Electric car enthusiasts are pretty quick to drop the term “vaporware” these days… because there’s a lot of vaporware in this market. Heck, there’s a lot of vaporware in the car market in general. So, when Faraday Future* unveiled plans this week to build high-performance electric cars, it decided to jump straight to the chase with this statement: “We’re not Tesla. But we’re not Fisker either. We’re not fucking around.”
I think it’s a good idea to be realistic and make it clear that you are not claiming to be an equal to Tesla — no company is. It would be great to see more electric car companies launch, survive, and thrive, but it took Tesla nearly a decade to get where it is, so anyone claiming they can match Tesla right out of the blocks needs to have their head checked or be called out for their bullshitting.
The Fisker Karma is apparently about to relaunch after years of difficulty… under Chinese ownership, but honestly, let’s not even go there. Faraday Future’s point is that it doesn’t intend to crash and burn like Fisker did. Fair enough.
Faraday Future is still in the early stages of its work, though. It was just founded last year and it is now reportedly looking for a manufacturing facility in the US. That said, it must have some serious investors behind it, as it already has about 200 employees. Former Tesla Motors Director Vehicle & Chassis Engineering Nick Sampson is apparently Faraday Future’s Product Architect and VP Product Research & Development, as well as a cofounder. Nick was the Director Vehicle & Chassis Engineering at Tesla from 2010 to 2012, means he was heavily involved in the development of the world-shocking Tesla Model S (see here, here, here, here, and here if you don’t follow Tesla news like it’s a life necessity). Not a bad person to have on your founding executive team.
“The links between FF and Tesla Motors don’t stop here, the company appears to be heavily hiring from Tesla,” Elektrek‘s Fred Lambert notes.
Aside from Sampson, a quick LinkedIn research shows a lot of other former key Tesla employees, including Alan Cherry, VP of Human Resources, a former senior Director of HR at Tesla from 2008 to 2012, and quite a few engineers like Umran Ashraf, a former Design Engineer at Tesla, he was a key architect of the Model S’ aluminum body.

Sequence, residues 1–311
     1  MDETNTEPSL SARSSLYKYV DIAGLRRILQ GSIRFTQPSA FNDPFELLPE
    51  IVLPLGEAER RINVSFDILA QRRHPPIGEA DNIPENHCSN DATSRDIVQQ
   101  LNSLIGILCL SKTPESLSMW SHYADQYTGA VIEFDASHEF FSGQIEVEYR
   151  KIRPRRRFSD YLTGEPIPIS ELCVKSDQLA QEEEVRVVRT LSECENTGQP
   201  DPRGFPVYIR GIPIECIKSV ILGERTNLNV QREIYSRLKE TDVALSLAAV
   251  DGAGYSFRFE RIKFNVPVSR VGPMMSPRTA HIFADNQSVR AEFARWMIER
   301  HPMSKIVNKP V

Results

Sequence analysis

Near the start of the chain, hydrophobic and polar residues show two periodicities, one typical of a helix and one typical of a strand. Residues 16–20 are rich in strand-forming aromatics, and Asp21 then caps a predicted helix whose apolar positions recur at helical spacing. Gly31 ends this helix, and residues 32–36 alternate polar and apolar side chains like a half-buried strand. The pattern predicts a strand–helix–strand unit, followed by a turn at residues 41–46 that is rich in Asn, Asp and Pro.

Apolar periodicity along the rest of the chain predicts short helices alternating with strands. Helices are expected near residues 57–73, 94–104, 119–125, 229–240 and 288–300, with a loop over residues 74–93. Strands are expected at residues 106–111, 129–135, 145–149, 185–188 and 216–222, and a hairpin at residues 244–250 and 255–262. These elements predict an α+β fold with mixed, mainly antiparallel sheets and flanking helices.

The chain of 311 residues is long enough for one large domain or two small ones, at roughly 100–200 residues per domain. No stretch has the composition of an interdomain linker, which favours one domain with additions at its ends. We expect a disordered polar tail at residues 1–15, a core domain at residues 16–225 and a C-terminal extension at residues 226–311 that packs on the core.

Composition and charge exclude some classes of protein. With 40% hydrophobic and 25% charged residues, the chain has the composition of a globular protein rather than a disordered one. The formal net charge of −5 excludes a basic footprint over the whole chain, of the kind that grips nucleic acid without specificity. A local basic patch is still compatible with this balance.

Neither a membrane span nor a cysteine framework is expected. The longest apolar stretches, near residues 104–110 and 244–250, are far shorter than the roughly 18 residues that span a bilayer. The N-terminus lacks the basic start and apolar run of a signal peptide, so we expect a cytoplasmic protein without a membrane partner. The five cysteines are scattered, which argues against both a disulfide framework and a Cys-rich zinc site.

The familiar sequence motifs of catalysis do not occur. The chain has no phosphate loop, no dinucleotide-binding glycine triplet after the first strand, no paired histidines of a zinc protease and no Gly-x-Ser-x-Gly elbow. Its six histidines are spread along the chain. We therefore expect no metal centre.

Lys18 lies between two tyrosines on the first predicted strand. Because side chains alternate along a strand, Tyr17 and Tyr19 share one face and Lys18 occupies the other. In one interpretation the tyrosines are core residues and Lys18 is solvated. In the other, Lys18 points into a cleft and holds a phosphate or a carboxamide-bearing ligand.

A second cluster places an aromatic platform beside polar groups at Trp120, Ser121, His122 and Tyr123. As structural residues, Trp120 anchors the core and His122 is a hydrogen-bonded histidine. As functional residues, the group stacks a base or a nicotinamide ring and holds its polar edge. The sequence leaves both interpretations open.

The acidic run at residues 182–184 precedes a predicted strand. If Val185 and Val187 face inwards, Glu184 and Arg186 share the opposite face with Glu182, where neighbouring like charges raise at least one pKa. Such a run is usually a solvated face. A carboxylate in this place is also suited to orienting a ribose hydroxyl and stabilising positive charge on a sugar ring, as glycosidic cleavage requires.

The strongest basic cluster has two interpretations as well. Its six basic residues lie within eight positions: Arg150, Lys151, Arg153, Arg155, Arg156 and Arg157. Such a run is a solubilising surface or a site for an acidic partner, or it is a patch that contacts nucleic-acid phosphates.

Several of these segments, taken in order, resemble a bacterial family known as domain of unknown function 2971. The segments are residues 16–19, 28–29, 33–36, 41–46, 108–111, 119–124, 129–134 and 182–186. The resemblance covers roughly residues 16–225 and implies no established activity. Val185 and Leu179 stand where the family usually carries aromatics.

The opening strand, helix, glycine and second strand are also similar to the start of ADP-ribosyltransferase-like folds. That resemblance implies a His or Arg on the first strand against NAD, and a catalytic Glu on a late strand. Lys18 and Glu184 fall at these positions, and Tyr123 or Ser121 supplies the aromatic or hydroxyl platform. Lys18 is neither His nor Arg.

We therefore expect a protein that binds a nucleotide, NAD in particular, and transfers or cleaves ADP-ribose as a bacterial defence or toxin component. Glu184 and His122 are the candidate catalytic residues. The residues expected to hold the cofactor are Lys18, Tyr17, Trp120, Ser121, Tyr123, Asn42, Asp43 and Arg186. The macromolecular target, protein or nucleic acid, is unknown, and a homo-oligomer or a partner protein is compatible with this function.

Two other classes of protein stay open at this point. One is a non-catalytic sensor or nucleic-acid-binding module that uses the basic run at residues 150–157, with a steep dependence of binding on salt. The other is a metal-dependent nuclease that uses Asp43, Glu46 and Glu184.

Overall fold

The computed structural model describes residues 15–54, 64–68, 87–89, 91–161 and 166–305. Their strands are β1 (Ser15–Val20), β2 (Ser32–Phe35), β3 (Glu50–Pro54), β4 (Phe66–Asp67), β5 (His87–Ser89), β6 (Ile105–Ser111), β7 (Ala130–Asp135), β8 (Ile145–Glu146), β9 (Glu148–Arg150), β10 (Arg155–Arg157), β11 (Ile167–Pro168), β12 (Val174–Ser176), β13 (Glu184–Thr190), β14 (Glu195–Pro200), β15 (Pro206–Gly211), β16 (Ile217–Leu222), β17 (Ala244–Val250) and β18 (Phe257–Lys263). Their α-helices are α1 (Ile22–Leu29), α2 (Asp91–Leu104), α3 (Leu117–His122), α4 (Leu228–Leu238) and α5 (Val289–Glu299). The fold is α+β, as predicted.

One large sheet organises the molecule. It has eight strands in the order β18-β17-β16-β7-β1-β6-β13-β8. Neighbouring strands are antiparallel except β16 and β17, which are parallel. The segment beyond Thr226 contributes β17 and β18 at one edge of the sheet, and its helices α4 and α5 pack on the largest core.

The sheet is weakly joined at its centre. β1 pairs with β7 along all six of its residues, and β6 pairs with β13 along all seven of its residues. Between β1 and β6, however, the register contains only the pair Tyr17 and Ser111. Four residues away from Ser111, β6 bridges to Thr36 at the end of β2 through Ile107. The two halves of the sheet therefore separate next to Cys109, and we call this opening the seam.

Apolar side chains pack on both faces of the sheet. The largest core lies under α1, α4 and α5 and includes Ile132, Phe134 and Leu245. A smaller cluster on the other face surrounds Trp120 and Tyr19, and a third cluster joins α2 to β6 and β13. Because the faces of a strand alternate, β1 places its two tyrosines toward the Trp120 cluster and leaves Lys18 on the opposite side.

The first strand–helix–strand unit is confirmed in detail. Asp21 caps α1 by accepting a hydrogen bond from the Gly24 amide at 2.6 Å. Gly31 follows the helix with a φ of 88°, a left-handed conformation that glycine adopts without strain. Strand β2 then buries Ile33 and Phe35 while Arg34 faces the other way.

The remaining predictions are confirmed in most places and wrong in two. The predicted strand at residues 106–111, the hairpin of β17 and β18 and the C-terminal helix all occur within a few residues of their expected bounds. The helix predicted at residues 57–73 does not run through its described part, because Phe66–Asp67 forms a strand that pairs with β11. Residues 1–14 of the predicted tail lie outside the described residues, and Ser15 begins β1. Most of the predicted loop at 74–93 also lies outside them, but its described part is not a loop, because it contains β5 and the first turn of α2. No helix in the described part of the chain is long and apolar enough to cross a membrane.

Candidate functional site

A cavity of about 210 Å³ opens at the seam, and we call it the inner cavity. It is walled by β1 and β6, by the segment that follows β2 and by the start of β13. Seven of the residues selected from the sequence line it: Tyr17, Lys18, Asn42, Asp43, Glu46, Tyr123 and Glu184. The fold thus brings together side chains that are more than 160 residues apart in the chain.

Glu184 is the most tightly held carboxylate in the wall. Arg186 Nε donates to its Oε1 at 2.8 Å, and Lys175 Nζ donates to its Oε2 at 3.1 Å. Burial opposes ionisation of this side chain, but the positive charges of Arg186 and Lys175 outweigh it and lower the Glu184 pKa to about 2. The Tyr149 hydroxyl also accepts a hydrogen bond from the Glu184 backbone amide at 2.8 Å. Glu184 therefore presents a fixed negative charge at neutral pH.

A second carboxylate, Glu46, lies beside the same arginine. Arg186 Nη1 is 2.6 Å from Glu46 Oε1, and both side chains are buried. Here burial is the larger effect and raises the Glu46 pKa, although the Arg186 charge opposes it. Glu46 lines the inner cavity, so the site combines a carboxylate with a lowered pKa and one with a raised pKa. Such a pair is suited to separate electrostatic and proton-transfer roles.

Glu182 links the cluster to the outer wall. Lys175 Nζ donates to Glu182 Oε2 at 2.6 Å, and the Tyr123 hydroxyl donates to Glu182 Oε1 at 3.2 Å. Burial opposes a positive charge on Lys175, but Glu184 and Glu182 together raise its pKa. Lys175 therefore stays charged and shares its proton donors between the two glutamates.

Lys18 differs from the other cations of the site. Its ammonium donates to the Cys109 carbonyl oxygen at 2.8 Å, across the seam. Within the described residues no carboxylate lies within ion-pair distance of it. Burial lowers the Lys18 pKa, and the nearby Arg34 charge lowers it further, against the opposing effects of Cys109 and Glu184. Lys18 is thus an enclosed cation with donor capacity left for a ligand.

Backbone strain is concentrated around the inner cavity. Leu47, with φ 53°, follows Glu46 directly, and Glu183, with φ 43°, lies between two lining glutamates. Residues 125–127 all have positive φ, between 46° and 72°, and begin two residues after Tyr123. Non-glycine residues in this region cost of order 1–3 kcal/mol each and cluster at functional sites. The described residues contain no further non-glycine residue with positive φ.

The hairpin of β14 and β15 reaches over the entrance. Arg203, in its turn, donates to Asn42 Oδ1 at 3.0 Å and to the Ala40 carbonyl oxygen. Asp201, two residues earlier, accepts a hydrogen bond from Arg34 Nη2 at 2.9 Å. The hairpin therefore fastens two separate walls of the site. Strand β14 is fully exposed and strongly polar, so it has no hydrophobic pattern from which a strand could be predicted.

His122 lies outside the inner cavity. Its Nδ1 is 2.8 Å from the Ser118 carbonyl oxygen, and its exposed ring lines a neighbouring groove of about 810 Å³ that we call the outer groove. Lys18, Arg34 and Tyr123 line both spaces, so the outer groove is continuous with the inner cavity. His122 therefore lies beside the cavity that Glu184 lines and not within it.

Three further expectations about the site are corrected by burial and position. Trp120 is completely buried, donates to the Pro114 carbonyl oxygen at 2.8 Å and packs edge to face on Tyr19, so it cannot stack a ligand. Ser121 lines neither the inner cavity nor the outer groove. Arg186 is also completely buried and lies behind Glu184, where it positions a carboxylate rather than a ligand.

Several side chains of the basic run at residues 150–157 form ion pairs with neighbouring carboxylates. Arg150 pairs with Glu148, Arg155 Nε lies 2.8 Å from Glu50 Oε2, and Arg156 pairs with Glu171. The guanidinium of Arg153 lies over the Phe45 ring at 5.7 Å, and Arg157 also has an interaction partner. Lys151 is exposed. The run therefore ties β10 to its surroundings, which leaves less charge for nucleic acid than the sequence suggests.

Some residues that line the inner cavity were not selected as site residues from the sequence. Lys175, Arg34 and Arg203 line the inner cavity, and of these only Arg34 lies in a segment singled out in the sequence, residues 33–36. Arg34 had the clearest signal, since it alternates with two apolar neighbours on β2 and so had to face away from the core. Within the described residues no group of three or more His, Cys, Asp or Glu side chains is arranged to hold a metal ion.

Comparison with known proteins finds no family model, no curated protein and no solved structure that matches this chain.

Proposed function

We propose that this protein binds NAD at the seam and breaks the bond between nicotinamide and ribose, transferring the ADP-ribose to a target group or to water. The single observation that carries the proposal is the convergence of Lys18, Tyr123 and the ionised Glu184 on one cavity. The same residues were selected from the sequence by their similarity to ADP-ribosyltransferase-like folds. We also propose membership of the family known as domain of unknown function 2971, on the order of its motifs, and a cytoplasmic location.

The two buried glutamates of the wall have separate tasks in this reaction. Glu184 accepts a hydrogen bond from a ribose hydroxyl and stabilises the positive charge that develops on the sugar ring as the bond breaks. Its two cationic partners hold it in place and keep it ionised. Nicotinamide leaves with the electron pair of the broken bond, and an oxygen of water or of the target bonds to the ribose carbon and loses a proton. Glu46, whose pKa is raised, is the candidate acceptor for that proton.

Not directly related to Tesla, but worth mentioning, FF hired Porter Harris, a former Energy Storage Engineer at SpaceX, to lead their battery engineering effort. He left SpaceX, a company founded by Elon Musk, the CEO of Tesla, in November last year.
Here are a few other former Tesla employees now working for Faraday Future:
- Sue Neuhauser: Former Senior Lead Designer CMF at Tesla from 2011 to 2015. Now Chief Designer CMF at FF
- Matt Sampson: Former Vehicle Packaging Engineer at Tesla from 2010 to 2015. Now Principal Engineer at FF
- Paul Famiglietti: Former Contract Launch Support Engineer at Tesla from 2012 to 2015. Now Principal Engineer at FF
In other words, yes, this ain’t no joke. This ain’t no Fisker. And these guys certainly aren’t just f***ing around.
Word is that Faraday Future will launch an electric vehicle in 2017. Not many more details are available, but there are some details on the heart of the vehicle, its batteries (via Electrek):
- It will have 15 percent higher specific energy than a Tesla Model S 85 kW-hr pack. That works out to 98 kW-hr.
- It’s a multi-cell solution, like Tesla’s.
- The company is aiming for the highest energy density and specific energy vehicle on the market.
- It will be single cell, thermal-runaway fault tolerant (will not propagate to other cells)
- Single or groups of cells can be replaced.
- Module designed for mass production, utilizing new processes and technologies
- Same battery design to be used in all vehicles with only a change in capacity (no change in voltage)
- The higher energy density allows for larger crumple zones than on the Tesla Model S.
That sounds freakin’ exciting, doesn’t it? It certainly would be nice to have some actual Tesla competitors on the market!
*Note: Faraday Future doesn’t appear to be at all related to Faraday.